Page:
This budget might as well be printed on Kleenex

Yesterday's announcements might have the shelf life of the election campaign

Budget Audet - février 2007

"Never play cards with a man called Doc. Never eat at a place called Mom's. Never sleep with a woman whose troubles are worse than your own."
- Nelson Algren, A Walk on the Wild Side.
And never put too much stock in a budget tabled by a government that's going to call an election the next day.
In 1970, the outgoing Union Nationale government called a spring election without presenting a budget first. Accused by the opposition Liberals of concealing a financial disaster, it was forced to interrupt its campaign to present a hastily prepared "budget" beneath the glittering chandeliers of the ballroom of Montreal's Windsor Hotel. The Liberals defeated the now-defunct UN anyway. It was the last time a government launched a spring campaign without having presented a budget.
Even in non-election years, Quebec budgets are based on the kind of accounting that in the private sector, as the province's auditor-general periodically reminds us, might put a corporate chief financial officer in handcuffs for a perp walk.
In the nine straight fiscal years that successive governments have been "balancing" the annual budget, the province's total debt has somehow grown by $24 billion. The official debt is projected to reach $122 billion at the end of the current fiscal year on March 31.
True to form, the latest "balanced" budget presented yesterday is to add another $3 billion to the total debt, bringing it to a projected $125 billion by the end of the 2007-08 fiscal year.
And we learned after the last election to be especially wary of a budget tossed on the table by a government on the way out the door to the campaign bus. When the new Liberal government had a former auditor-general go over the books, he found a $4.3-billion "gap" left behind by the former Parti Quebecois government.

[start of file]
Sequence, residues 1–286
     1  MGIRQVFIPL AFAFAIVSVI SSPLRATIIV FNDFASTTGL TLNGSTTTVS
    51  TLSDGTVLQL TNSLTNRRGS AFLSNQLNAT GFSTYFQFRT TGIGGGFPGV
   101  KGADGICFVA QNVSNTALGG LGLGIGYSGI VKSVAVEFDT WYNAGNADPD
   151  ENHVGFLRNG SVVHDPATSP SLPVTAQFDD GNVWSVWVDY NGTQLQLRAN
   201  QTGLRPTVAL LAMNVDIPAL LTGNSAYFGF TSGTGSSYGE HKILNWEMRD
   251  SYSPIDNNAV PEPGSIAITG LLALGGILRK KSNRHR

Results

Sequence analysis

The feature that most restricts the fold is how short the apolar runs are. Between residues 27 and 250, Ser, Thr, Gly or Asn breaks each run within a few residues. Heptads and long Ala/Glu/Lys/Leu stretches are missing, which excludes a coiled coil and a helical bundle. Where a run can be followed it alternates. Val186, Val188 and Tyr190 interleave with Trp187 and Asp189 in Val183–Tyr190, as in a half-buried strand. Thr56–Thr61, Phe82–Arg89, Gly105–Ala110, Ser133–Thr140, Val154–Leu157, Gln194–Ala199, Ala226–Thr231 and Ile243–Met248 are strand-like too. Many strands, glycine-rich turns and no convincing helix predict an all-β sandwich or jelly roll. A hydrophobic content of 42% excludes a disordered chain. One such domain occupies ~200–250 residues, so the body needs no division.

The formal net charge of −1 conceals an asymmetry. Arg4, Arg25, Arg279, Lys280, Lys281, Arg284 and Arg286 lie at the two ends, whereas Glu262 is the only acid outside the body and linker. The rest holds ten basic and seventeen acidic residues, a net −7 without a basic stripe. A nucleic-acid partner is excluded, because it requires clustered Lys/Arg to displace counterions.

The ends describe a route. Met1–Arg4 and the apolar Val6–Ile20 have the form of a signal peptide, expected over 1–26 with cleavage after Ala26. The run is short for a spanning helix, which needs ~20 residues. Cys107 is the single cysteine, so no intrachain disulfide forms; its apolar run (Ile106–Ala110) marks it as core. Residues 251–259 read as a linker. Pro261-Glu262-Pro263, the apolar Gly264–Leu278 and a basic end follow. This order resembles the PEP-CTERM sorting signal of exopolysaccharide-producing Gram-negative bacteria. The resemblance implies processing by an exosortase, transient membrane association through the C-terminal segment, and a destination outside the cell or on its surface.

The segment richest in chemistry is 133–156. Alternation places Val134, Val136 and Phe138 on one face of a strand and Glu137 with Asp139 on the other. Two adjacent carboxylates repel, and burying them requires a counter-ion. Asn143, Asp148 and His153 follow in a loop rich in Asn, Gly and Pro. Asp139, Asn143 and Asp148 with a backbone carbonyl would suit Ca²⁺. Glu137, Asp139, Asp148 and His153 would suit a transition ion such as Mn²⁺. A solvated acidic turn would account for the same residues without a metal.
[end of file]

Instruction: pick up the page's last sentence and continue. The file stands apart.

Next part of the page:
The PQ's plan was to buy votes with a free-spending budget and worry about covering the hidden deficit after they were re-elected. When the PQ was defeated, it was the incoming Liberals who were stuck with the tab. On the bright side for the Liberals, it's given them an excuse they're still using for their failure to keep their election promise to cut personal income taxes every year by $1 billion.
But whoever is finance minister after the election (it won't be the present minister, since Michel Audet isn't running for re-election) is less likely to face a similar problem. In fact, he'll probably have more money to play with after the election, at least for future years, though it might do the Liberals little good in this election.
Everyone knows Quebec will reap a windfall of several hundred million dollars from the federal budget that the Harper government is to bring down during the Quebec campaign. But because the federal budget hasn't made it official yet, Audet couldn't spend that money in his.
Premier Jean Charest's original plan was to hold off on calling the election until early April, after the federal budget and the presentation of a provincial one reflecting it.
But Charest changed his mind when it appeared that the PQ might replace Andre Boisclair with a stronger leader before the election, and Mario Dumont's Action democratique du Quebec started to rise in the polls. The Gambler decided to catch the PQ before it could change leaders and the ADQ before it could get organized, even if it meant leaving hundreds of millions on the table instead of having it to spend in a pre-election budget.
Audet won't be around after the election to defend the budget he tabled yesterday, but that might not be the real budget for the 2007-08 fiscal year anyway. There could be a second budget - or a budget "statement" amending the first one - brought down after the election by a new finance minister, possibly with different priorities. Yesterday, neither PQ finance critic Francois Legault nor the ADQ's Dumont would commit to keeping the measures in Audet's budget.
What Audet presented yesterday is a campaign pamphlet on steroids, weightier and more detailed, boasting of the government's record, repeating old announcements and elaborating upon new promises.
But it might be only a temporary budget, to be used for the campaign and then disposed of after the election. It might have been printed on Kleenex.

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